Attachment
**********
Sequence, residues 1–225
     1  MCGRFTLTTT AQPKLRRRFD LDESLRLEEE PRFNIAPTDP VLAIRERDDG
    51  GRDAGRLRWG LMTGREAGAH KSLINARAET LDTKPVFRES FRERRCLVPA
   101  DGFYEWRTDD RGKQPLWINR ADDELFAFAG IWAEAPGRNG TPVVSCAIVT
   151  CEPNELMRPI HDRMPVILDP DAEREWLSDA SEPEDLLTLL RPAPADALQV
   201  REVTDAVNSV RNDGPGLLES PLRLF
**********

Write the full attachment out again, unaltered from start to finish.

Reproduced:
Sequence, residues 1–225
     1  MCGRFTLTTT AQPKLRRRFD LDESLRLEEE PRFNIAPTDP VLAIRERDDG
    51  GRDAGRLRWG LMTGREAGAH KSLINARAET LDTKPVFRES FRERRCLVPA
   101  DGFYEWRTDD RGKQPLWINR ADDELFAFAG IWAEAPGRNG TPVVSCAIVT
   151  CEPNELMRPI HDRMPVILDP DAEREWLSDA SEPEDLLTLL RPAPADALQV
   201  REVTDAVNSV RNDGPGLLES PLRLF